Pack some flavour into the bar­be­cue

Marlborough Express - - FOOD - THOMAS HEATON

In­ject­ing flavour, lit­er­ally, might be the best way to stop your meat from tast­ing like an old boot.

Brines, spritzes and in­jec­tions are all pro­fes­sional tech­niques in­creas­ingly adopted by am­bi­tious am­a­teur bar­be­cuers look­ing to op­ti­mise their meats’ flavours.

They work es­pe­cially well with big cuts of meat, such as whole chicken, briskets and pork shoul­ders, which can have a ten­dency to over­cook or dry out if not looked af­ter.

Tuffy Stone, a multi-award­win­ning pit mas­ter from Vir­ginia – in New Zealand for the bar­be­cue fes­ti­val Meat­stock – says it’s all about re­tain­ing mois­ture and putting ex­tra mois­ture in.

That’s where in­jec­tions come in to play.

With wide-mouthed sy­ringes filled with sauces and mari­nades – many of which can be bought in store – it’s sim­ply a case of jab­bing the meat and press­ing the mix­ture deep be­tween mus­cle fi­bres.

It’s a par­tic­u­larly com­mon prac­tice in com­pe­ti­tion bar­be­cue, Stone says.

‘‘Most peo­ple who try brisket the first time, they un­der­cook it and dry it out.

‘‘In­jec­tions are just a great way – es­pe­cially with big masses of meat like brisket and pork shoul­der – to get some flavour deep in­side that mus­cle.

‘‘Think about it: they’ve been cook­ing meat for hours and hours.’’

The ben­e­fits are two-fold – flavour and mois­ture – and have sim­i­lar ef­fects to brin­ing and bast­ing.

Matt Greig, a Hamil­ton chef and part of the Bot­toms Up Bar­be­cue team, in­jects his beef cheeks with the juices left­over from pre­vi­ous cooks, with some added but­ter and gas­trique (a sweet and sour re­duc­tion of sugar and vine­gar).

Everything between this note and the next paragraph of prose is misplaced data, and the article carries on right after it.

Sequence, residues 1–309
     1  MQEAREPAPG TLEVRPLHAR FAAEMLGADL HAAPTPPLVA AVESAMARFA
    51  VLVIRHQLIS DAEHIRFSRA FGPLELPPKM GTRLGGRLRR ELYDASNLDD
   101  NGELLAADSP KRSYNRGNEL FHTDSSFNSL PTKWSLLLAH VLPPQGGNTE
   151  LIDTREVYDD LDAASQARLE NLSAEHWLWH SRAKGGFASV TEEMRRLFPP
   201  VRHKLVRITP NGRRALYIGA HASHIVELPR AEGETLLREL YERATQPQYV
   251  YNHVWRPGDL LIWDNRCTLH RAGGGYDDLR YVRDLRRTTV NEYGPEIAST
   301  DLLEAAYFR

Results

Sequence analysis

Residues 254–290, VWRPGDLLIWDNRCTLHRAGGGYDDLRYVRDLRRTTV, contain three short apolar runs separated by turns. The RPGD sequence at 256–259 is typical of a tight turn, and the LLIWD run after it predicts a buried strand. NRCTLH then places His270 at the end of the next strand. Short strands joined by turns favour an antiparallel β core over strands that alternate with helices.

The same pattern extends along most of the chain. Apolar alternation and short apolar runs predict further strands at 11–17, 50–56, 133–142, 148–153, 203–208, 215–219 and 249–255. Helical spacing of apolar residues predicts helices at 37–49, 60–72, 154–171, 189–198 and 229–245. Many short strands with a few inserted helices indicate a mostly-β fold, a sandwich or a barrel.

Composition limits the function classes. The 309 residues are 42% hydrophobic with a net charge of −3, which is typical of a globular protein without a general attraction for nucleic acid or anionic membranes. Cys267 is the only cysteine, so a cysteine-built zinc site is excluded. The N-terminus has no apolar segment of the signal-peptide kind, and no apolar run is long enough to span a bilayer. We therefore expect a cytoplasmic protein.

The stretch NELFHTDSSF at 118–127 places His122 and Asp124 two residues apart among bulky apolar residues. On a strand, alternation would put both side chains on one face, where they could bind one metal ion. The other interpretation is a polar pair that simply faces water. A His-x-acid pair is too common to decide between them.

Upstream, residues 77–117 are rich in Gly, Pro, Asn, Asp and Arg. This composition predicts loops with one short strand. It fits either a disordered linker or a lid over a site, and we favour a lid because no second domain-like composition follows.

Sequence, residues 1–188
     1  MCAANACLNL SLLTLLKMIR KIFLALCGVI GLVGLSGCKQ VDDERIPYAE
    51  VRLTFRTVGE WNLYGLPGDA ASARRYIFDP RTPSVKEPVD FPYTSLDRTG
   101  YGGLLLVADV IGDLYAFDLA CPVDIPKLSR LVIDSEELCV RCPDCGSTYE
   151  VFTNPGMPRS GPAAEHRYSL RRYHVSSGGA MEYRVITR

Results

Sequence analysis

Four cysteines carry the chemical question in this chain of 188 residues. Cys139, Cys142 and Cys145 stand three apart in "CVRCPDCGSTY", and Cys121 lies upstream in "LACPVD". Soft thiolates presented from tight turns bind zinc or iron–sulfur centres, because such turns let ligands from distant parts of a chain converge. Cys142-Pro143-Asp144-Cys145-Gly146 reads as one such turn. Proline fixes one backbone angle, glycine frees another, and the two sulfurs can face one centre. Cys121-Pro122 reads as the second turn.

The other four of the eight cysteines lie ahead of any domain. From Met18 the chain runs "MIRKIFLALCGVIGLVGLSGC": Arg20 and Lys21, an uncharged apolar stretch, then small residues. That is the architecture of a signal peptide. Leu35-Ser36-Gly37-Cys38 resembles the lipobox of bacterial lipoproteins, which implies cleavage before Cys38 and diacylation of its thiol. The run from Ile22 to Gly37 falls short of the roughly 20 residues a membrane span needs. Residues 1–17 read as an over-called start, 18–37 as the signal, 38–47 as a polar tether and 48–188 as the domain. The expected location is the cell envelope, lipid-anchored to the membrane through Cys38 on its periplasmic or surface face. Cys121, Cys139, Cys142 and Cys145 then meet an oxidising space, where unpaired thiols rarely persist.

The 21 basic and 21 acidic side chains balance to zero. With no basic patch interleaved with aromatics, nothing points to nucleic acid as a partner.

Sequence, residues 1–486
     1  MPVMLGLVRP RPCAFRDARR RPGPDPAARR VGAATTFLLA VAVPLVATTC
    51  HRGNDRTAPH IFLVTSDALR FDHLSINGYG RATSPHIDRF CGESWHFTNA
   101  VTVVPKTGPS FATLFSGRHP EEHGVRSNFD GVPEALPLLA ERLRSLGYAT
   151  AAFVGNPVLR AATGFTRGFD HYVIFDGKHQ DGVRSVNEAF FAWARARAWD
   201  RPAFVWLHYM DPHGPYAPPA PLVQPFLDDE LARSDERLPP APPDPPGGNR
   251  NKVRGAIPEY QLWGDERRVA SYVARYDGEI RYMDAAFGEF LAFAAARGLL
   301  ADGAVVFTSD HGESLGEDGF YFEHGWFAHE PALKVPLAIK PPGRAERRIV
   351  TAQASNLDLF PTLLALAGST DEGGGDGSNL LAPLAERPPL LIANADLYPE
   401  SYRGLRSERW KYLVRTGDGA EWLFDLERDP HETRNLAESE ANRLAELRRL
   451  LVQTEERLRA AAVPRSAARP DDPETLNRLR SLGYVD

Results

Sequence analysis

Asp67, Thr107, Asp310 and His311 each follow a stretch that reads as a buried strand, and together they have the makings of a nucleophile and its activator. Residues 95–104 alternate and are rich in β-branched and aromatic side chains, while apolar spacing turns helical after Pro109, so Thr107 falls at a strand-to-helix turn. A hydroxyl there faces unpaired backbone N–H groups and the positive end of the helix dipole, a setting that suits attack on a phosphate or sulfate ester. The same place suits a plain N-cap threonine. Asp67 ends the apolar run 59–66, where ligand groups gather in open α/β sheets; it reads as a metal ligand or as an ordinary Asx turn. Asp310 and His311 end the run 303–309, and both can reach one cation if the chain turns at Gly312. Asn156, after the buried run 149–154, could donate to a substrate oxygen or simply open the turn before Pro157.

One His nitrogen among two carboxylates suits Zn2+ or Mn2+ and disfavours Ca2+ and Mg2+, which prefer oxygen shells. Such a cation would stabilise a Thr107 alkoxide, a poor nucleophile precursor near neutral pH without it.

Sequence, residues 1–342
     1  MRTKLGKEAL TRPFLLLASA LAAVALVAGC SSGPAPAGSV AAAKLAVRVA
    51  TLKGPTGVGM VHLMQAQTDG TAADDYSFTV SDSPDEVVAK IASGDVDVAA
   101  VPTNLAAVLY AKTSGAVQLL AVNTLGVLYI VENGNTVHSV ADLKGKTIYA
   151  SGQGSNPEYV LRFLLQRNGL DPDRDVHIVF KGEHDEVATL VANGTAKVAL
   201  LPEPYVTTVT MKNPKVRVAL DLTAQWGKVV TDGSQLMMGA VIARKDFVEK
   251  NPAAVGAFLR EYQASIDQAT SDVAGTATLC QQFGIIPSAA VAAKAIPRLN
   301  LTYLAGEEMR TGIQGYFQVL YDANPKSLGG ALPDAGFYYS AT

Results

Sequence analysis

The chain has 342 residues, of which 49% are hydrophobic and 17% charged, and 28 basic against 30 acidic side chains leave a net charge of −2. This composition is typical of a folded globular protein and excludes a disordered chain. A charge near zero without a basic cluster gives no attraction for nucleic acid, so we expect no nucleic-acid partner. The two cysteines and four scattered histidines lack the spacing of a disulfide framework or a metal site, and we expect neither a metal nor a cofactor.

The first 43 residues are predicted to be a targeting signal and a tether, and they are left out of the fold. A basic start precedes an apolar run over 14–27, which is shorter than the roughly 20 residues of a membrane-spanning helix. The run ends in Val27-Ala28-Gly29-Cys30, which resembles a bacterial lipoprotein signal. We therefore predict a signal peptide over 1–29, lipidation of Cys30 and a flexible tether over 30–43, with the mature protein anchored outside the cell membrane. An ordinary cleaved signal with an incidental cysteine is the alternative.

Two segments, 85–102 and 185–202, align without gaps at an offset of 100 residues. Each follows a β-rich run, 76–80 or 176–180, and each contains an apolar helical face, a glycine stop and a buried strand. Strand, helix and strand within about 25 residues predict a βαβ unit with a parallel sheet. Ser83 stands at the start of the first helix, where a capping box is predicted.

Us­ing a spritz is a good idea to keep meat moist too – us­ing a spray bot­tle filled with liq­uid, which might have a sim­i­lar ef­fect to brais­ing in the oven.

"In­jec­tions are just a great way ... to get some flavour deep in­side that mus­cle." Tuffy Stone

Stone says it does the same as in­jec­tions, keep­ing meat moist, but does it from the out­side. He typ­i­cally uses a good qual­ity ap­ple juice, while some use ap­ple cider vine­gar.

Smoke is at­tracted to mois­ture, so there is no real risk of the meat go­ing soggy, and the crust is main­tained.

But low and slow bar­be­cued meats can also ben­e­fit from sit­ting in a brine mix­ture, a com­bi­na­tion of salt and wa­ter and some­times sugar.

‘‘You’re still achiev­ing the same thing: bring­ing in some good taste.’’

Be­tween 24 and 48 hours is how long Stone likes to brine his chicken. He uses a mix of herbs, salt and wa­ter, and re­moves the herbs for two hours at the end.

The brine per­me­ates the meat, adding the mois­ture and flavour, which makes it more ten­der at the end of the cook­ing process.

JA­SON CREAGHAN

There were some se­ri­ous bar­be­cu­ing skills on dis­play at last year’s in­nau­gu­ral Meat­stock fes­ti­val in Auck­land.

Brisket can hard to cook, but when it’s done well it’s per­fect.

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